Except for occasional bumps up and down, Hispanics have made steady though slow advancements over the past five years at the nation's top postgraduate schools specializing in business, engineering, law and medicine.
Overall, Hispanics pursuing their postgraduate degrees at these schools averaged 13.5 percent over the past five years, increasing from 10.9 percent in 2007 to 15.8 percent this year. Those receiving degrees averaged 10.8 percent in the same time period, from 8.6 percent in 2007 to 13.8 percent today. At the same time, the percentage of faculty members at these schools who are Hispanic also increased from 6.7 percent in 2007 to 8.9 percent today, an average of 8.1 percent per year.
Each year, HispanicBusiness magazine measures and ranks the effectiveness of the nation's universities in attracting Hispanic students. To understand the effect of these schools on Hispanics, HispanTelligence, the research arm of Hispanic Business Inc., assesses the nation's top universities for Hispanics in the fields of business, engineering, business and law.
The 40 universities ranked -- 10 in each degree area -- were ranked in terms of Hispanic diversity according to the following criteria:
-- Percent of Hispanic student enrollment.
-- Percent of Hispanic faculty members.
-- Percent of degrees conferred to Hispanics.
-- Progressive programs aimed at increasing enrollment of Hispanic students.
Yet, despite the progress, Hispanics still lag behind the general population in degrees conferred. To increase the number of Hispanics who go on to seek postgraduate degrees means a concerted effort to increase the number of Hispanics in the pipeline.
A July report from the National Conference of State Legislatures (NCSL) noted that 63 percent of jobs will require a postsecondary degree by 2018.
The author of the report, Michelle Camacho Liu, who tracks postsecondary issues for the NCSL, wrote: "For the United States to have the highest percentage of college graduates, 13.4 million more adults need to earn degrees by 2020. To reach this goal, almost a quarter of these additional degrees (3.3 million) need to be earned by Latino students."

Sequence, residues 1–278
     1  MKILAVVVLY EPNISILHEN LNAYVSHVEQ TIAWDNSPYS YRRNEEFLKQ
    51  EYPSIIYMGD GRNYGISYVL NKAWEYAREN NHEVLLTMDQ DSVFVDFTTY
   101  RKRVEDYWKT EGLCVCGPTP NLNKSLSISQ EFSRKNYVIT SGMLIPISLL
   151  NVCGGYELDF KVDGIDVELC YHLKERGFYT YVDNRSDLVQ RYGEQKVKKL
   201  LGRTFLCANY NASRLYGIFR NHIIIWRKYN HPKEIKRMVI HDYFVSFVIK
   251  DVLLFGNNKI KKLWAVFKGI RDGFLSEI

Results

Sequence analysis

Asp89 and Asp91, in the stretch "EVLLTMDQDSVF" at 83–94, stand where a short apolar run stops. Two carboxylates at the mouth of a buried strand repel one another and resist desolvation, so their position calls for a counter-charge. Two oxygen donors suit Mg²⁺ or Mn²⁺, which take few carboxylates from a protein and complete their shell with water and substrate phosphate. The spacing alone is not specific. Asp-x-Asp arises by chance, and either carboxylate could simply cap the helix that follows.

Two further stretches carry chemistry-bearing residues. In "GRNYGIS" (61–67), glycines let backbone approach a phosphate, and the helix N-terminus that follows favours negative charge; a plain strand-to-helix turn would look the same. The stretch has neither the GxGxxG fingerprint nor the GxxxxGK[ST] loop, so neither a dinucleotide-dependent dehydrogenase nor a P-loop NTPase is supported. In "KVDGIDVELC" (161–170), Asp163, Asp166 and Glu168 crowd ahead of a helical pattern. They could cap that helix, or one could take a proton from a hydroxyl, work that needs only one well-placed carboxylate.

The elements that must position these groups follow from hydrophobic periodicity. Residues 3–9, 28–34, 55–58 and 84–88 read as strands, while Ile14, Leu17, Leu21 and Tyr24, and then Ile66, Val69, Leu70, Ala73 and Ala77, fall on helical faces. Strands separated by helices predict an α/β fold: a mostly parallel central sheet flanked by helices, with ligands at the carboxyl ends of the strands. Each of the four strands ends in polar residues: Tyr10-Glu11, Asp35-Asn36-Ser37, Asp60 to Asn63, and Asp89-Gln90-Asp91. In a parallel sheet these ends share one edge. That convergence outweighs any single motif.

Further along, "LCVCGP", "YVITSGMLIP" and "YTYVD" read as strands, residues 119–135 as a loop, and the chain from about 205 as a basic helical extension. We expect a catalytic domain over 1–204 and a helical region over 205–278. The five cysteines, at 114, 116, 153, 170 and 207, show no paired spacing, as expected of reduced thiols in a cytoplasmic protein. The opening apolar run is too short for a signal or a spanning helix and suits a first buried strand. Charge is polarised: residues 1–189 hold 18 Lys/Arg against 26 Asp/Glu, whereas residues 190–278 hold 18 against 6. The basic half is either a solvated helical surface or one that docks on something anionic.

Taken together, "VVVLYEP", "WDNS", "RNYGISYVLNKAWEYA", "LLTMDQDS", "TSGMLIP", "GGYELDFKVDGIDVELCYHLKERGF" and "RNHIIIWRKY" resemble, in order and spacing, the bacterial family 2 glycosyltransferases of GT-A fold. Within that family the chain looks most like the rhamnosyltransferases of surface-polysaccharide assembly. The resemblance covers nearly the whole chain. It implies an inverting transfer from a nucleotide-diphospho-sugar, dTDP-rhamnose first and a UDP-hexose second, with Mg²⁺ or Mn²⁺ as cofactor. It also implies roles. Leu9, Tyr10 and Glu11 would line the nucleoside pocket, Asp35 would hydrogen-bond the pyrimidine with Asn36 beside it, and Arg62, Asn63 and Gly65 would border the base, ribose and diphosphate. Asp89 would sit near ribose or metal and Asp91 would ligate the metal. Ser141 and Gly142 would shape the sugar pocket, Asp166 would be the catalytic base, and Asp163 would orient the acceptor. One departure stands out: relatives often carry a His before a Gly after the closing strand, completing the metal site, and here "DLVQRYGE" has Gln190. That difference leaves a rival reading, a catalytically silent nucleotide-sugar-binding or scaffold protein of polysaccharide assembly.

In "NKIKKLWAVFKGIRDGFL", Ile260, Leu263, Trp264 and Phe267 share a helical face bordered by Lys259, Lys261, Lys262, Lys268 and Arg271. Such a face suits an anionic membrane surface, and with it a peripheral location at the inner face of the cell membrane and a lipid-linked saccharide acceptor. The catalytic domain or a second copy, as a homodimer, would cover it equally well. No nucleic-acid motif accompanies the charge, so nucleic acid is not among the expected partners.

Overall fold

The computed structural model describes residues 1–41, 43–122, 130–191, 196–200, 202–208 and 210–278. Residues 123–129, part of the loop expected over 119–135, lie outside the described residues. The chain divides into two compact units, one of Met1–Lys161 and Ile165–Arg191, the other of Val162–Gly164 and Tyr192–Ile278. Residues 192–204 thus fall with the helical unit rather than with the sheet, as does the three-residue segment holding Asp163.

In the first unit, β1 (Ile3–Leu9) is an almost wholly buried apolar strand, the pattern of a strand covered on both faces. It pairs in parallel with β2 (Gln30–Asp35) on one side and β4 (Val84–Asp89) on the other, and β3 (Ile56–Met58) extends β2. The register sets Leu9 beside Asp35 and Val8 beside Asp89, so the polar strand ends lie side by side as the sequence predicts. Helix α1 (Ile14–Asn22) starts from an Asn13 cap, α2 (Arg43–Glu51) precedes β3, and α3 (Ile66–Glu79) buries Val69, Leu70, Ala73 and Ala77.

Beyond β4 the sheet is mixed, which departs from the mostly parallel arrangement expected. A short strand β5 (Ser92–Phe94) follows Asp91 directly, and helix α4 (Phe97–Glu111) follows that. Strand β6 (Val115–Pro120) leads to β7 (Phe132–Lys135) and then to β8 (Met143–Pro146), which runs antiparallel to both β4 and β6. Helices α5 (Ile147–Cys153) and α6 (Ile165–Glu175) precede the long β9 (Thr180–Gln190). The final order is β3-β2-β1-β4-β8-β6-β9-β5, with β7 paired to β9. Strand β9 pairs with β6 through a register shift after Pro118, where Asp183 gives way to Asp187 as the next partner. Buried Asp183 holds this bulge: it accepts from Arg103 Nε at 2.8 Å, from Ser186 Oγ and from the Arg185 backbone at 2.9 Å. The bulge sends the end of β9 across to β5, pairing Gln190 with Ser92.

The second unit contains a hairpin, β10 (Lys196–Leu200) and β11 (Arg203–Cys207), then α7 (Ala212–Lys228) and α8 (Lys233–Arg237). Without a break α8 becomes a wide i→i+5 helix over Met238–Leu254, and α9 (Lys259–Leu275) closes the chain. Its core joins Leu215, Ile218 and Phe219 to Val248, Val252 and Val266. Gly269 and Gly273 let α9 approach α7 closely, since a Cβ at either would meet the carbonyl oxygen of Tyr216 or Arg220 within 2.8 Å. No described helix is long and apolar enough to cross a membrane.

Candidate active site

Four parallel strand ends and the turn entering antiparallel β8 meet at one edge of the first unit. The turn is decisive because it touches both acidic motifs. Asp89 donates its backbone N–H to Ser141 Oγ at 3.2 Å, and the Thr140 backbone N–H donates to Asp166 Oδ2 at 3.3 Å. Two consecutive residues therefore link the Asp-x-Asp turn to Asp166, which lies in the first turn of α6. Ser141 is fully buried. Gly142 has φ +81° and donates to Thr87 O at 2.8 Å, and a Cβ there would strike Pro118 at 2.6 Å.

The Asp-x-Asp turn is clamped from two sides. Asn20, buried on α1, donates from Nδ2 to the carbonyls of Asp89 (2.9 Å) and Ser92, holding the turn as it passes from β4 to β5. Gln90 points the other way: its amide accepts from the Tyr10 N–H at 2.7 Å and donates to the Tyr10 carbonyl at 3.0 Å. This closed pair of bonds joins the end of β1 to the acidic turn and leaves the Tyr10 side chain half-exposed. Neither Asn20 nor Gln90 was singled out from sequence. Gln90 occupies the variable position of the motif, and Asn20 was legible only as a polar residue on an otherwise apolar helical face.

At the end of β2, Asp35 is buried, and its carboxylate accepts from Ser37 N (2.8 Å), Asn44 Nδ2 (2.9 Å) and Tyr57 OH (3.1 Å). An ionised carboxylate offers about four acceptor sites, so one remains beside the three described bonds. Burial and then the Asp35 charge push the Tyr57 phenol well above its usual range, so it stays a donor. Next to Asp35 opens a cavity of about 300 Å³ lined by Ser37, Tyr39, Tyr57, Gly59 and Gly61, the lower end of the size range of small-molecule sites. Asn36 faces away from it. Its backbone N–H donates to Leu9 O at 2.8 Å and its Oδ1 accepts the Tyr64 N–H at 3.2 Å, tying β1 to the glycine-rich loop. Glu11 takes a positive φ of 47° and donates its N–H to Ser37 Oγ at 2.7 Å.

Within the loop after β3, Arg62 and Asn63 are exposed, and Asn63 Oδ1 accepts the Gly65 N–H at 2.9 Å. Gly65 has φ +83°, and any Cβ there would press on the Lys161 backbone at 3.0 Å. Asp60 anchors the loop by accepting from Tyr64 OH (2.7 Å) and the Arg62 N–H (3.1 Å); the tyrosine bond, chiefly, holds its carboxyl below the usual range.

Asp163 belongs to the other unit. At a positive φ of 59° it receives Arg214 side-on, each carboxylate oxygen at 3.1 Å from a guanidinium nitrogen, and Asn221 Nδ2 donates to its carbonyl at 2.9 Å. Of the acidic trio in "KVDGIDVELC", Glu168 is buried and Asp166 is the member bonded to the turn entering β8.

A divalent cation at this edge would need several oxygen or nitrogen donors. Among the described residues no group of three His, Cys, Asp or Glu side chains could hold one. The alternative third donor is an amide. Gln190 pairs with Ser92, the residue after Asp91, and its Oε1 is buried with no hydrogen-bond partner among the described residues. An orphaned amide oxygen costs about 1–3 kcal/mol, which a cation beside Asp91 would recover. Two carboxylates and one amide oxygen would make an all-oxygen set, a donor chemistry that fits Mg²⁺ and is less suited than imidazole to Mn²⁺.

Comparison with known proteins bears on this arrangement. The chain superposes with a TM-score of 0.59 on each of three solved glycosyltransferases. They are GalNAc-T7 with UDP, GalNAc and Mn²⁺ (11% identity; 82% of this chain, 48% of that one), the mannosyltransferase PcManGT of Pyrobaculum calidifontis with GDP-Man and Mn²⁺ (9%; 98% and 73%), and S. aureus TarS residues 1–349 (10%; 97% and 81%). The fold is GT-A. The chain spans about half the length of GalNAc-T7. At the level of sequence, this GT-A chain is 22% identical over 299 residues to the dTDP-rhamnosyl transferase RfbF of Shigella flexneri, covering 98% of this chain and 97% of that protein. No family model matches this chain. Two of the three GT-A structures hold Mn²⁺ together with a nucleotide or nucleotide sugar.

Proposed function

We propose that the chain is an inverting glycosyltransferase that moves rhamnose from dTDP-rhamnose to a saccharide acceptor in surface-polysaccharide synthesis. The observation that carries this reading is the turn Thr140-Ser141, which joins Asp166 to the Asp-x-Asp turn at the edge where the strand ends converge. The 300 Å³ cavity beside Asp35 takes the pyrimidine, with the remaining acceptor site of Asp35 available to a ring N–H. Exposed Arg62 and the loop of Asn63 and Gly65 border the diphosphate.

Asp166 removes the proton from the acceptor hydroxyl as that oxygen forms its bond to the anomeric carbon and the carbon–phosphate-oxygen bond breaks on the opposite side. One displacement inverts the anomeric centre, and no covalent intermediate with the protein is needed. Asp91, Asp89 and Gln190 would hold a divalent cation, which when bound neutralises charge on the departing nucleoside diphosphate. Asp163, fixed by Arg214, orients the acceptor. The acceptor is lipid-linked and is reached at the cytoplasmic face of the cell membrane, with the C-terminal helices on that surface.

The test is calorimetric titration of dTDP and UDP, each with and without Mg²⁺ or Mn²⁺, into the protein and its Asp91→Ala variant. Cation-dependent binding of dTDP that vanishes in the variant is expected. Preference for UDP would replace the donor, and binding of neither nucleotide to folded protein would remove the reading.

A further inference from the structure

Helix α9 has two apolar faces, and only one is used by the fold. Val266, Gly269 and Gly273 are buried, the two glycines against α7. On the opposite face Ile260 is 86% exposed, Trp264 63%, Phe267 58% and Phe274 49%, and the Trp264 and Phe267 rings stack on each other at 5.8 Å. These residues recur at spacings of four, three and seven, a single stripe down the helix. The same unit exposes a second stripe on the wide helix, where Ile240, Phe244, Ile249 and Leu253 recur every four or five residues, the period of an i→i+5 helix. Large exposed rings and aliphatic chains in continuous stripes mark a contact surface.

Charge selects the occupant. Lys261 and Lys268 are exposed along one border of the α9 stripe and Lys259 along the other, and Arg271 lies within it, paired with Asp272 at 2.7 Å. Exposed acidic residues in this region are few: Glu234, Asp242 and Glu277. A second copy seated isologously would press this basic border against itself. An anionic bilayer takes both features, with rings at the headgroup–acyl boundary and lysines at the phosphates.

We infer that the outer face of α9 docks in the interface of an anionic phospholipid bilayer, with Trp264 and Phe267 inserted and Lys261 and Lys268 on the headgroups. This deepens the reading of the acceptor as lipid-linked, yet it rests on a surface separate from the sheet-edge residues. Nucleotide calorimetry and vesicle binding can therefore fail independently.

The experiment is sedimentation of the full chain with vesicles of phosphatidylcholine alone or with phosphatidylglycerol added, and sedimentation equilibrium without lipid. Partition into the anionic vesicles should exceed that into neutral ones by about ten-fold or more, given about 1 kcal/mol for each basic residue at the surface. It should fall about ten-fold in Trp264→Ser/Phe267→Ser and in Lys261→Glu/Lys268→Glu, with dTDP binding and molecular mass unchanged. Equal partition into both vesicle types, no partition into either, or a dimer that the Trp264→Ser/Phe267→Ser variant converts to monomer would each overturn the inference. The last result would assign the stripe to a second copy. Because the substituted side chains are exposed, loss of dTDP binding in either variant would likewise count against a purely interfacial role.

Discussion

Only 19 percent of Hispanic adults have a postsecondary degree, according to the NCLS study, compared to 42 percent of whites and 26 percent of African-American adults. This gap is particularly noticeable in states that have sizable Hispanic populations.
The largest gap occurs in California, where only 15.5 percent of Hispanics have a higher degree compared to 50 percent for whites. The percentage of Hispanics with higher degrees in Nevada, 11.4 percent; Arizona, 15.8 percent; Texas, 16.2 percent; Illinois, 16.5 percent; and Colorado, 17.4 percent, come in significantly lower than the national average. Florida has one of the highest rates of Hispanics with higher degrees, 32 percent, but that is still lower than the 41 percent for white adults.
Deborah Santiago, co-founder of Excelencia in Education, wrote in an August news release: "The data is compelling; the relative youth, growth and current levels of educational attainment among Latinos show that our nation will not return to world leadership in college completion without a tactical plan focused on increasing Latino degree attainment." Increasing the number of Hispanics earning higher degrees needs to be a top priority.
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